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Politics & Economics
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Social media users called out on Thursday the reaction that Democrat Senate Majority Leader Charles Schumer (D-NY) had earlier in the day when he stood next to far-left Rep. Alexandria Ocasio-Cortez (D-NY) as she claimed that the solution to reducing violent crime was to stop building new prisons. “If we want to reduce violent crime, if we want to reduce the number of people in our jails, the answer is to stop building more of them,” Ocasio-Cortez said at a press conference. “The answer is to make sure that we actually build more hospitals, we pay organizers, we get people mental health care and overall health care, employment, etc. It’s to support communities, not throw them away.”
When governments in Canada, the United Kingdom, Ireland, New Zealand and elsewhere instituted mandatory hotel quarantines for travellers arriving in their countries as a way of monitoring the spread of COVID-19, they received both praise and criticism. Some citizens questioned why their rights of mobility were being curtailed in their own countries. Would-be travellers factored additional costs into their budgets or deferred travel. And others sought to evade the measures. Exploring the history of quarantine hotels reveals ambivalences and inequities that continue to fuel debates over their effectiveness in the era of COVID-19. There is a logic behind choosing hotels for mandatory quarantine and for other COVID-19-era public-health measures such as re-housing people experiencing homelessness. The latter was done at the former Roehampton Hotel in Toronto, where it was met with controversy from affluent community members. Hotels supply space. Their capacity and interior organization means that individuals and households can be separated and monitored. Meals can be supplied with minimal contact and movements can be tracked.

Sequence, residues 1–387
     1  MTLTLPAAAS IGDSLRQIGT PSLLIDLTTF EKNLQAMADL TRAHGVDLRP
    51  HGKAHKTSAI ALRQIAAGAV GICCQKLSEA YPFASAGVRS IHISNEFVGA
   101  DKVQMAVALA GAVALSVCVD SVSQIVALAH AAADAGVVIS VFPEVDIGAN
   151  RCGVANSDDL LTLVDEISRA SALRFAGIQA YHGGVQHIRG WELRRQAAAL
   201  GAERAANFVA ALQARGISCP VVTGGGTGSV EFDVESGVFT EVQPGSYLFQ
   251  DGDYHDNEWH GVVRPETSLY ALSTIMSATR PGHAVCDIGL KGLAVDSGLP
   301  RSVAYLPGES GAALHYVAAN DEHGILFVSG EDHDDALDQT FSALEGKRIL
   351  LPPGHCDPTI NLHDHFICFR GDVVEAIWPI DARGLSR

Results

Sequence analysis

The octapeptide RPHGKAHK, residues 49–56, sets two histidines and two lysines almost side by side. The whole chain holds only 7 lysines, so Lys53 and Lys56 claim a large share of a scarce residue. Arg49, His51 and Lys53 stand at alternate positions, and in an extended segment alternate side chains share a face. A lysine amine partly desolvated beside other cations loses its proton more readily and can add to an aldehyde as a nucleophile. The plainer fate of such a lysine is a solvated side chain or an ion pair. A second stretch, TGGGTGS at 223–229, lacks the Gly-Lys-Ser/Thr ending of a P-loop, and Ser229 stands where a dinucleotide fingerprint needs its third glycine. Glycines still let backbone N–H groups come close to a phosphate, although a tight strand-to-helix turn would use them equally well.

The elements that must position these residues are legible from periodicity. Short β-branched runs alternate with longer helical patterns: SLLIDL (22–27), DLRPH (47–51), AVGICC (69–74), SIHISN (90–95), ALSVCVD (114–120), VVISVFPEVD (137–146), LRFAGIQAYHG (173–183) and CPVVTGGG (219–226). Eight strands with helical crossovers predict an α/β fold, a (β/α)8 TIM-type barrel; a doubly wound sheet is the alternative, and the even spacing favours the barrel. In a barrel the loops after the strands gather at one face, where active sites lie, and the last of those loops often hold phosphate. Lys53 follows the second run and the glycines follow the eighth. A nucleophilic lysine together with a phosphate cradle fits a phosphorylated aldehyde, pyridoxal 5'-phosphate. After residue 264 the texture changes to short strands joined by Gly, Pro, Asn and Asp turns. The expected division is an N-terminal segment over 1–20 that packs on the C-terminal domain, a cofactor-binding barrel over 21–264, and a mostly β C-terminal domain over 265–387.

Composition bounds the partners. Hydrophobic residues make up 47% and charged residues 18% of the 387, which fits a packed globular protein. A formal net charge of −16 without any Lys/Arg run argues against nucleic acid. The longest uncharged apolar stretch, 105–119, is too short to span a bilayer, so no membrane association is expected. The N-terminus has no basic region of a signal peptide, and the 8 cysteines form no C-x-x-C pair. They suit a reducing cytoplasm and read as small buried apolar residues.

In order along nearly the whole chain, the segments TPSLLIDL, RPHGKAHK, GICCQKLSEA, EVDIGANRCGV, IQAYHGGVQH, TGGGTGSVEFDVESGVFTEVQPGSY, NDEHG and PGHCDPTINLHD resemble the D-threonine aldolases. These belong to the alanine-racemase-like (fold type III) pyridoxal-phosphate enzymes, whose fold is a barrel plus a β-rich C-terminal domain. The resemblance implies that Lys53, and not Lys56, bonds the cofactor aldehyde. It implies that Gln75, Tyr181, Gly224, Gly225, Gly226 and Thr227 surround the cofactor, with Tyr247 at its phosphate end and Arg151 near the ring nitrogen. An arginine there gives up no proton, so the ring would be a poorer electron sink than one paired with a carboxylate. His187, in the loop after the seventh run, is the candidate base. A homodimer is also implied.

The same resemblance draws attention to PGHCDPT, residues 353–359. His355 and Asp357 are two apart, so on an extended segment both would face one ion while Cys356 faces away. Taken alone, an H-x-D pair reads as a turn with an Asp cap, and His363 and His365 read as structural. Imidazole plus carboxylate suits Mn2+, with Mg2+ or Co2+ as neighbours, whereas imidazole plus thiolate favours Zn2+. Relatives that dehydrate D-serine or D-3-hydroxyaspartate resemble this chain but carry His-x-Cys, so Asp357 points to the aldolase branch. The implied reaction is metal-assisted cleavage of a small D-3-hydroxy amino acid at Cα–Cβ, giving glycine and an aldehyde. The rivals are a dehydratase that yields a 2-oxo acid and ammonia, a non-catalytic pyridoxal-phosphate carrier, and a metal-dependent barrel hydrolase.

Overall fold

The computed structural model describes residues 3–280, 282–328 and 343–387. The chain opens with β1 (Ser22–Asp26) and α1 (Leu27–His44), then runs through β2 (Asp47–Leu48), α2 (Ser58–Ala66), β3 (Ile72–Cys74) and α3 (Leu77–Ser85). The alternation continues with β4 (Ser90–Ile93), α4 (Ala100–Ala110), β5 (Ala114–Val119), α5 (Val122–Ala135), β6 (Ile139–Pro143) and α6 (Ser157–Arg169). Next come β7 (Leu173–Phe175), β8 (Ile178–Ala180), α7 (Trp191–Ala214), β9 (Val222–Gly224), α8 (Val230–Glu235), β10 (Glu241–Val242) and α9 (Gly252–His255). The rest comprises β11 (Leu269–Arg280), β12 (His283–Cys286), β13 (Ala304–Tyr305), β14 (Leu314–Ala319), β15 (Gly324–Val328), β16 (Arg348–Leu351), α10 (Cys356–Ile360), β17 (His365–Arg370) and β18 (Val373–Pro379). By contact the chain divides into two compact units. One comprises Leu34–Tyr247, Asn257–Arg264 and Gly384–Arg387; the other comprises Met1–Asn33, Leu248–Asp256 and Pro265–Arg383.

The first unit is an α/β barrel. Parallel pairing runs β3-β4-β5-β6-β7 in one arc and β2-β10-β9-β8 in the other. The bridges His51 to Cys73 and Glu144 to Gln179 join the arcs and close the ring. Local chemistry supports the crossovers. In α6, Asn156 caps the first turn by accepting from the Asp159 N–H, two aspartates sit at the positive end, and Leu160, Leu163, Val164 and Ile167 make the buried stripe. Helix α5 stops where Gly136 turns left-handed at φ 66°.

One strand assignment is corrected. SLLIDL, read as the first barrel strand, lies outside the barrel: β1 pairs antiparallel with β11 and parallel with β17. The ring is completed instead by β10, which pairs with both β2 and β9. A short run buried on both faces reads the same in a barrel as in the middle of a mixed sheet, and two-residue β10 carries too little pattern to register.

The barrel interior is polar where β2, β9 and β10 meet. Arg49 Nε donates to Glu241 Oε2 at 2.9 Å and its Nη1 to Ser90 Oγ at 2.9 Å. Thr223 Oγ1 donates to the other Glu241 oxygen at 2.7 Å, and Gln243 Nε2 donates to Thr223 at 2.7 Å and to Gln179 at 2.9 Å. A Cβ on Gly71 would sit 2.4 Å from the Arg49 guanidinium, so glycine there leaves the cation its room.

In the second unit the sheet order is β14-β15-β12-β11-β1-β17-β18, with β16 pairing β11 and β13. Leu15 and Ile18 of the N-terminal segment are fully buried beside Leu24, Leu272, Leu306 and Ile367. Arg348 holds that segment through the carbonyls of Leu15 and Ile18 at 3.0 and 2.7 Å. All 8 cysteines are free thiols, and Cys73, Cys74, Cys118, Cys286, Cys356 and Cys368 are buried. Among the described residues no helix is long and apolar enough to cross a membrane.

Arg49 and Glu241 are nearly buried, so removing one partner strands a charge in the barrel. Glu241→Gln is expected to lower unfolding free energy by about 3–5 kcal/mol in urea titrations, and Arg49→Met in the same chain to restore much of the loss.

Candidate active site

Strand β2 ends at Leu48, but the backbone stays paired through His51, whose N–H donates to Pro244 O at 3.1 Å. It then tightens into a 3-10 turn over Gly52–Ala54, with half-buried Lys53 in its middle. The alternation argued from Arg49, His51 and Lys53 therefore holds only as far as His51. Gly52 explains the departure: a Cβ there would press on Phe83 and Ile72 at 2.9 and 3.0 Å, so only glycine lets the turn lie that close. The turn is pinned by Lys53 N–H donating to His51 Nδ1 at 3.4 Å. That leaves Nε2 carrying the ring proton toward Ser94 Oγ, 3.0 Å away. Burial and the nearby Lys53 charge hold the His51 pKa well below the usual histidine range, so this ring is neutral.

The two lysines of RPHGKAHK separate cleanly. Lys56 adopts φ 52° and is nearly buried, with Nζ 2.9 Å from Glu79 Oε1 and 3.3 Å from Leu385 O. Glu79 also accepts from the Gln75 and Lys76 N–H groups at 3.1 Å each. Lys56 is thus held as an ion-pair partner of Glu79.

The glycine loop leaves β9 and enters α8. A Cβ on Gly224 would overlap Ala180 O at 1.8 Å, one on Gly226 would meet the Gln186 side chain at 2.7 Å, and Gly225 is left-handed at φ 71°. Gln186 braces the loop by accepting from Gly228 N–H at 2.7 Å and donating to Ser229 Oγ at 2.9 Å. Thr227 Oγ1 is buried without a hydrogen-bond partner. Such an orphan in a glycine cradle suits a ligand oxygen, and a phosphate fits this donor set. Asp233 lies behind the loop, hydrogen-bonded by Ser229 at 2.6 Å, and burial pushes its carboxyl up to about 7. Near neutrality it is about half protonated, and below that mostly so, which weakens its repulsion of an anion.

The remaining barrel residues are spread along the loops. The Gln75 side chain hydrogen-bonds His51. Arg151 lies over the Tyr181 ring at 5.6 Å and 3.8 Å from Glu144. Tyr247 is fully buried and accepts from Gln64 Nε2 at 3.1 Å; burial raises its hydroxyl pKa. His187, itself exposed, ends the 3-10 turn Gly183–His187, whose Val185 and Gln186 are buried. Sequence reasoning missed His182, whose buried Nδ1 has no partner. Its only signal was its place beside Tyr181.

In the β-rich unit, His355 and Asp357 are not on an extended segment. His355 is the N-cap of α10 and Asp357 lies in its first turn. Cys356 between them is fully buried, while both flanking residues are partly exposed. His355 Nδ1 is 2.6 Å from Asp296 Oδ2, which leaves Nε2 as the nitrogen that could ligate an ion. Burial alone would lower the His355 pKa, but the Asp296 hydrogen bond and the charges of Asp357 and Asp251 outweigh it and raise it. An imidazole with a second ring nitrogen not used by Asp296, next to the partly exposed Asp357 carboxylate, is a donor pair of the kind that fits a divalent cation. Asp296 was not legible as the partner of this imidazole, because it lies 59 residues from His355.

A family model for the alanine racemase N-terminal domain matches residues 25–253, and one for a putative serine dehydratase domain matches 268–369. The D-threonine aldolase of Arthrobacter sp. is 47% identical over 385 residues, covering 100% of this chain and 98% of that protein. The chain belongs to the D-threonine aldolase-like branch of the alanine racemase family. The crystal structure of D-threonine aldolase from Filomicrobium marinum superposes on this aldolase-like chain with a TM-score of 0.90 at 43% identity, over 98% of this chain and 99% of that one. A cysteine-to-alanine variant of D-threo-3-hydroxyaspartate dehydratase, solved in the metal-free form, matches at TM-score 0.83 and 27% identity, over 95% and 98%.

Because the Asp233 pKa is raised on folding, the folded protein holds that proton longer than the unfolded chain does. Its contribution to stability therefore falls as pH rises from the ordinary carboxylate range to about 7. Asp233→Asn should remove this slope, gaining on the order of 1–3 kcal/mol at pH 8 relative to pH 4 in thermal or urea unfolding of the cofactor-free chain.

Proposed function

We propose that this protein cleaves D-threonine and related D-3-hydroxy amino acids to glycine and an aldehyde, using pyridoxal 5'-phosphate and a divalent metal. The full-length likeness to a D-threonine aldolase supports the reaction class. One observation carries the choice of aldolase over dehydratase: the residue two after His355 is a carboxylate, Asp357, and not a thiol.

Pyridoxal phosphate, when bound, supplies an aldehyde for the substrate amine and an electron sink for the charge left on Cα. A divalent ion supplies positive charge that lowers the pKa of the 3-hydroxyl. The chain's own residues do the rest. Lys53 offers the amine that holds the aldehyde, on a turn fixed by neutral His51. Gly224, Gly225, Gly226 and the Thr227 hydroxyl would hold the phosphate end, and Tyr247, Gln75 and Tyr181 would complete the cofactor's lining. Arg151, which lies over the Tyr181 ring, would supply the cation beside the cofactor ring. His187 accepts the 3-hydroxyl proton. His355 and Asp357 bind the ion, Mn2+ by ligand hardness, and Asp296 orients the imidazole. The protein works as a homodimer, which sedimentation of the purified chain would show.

A death cult reignites its terror against Israeli civilians. The “Israeli-Palestinian conflict” is spinning out of control toward another possible all-out war. Blame should, of course, fall on the Palestinian terrorists operating from Gaza, who have once again fired hundreds of rockets inside Israel against civilian targets. After a barrage of rocket attacks, the Israel Defense Forces (IDF) struck back. The Palestinians are complaining. Here we go again. The pattern is very familiar by now. Palestinians use a pretext to start a riot. The Israeli police and security forces respond proportionately. The Palestinians up the ante, prompting a further Israeli response. Then Palestinian terrorists in Gaza use the territory they control to launch rocket attacks into Israel against civilian targets. Israel warns the terrorists to stop the rocket fire, which the terrorists ignore. After the Israeli military retaliates proportionately in an effort to target the terrorists responsible for the rocket attacks and their facilities, Palestinian government leaders cry foul.
Vote to oust Liz Cheney about democracy, how far party will go for ex-president It’s almost over. A rare remaining ember of resistance to Donald Trump in the upper echelons of the U.S. Republican Party is on the verge of being extinguished. Republicans will vote Wednesday on whether to purge Liz Cheney from her position in the party leadership in the House of Representatives. It would have been a mind-boggling turn of events not too long ago. She’s very conservative. She’s been a fierce partisan and is the daughter of a former vice-president. Yet party leaders are now angling to replace her with the less-conservative Elise Stefanik. The episode sheds light on the state of American politics in 2021 — and into the former president’s dominance over one of the country’s two major parties.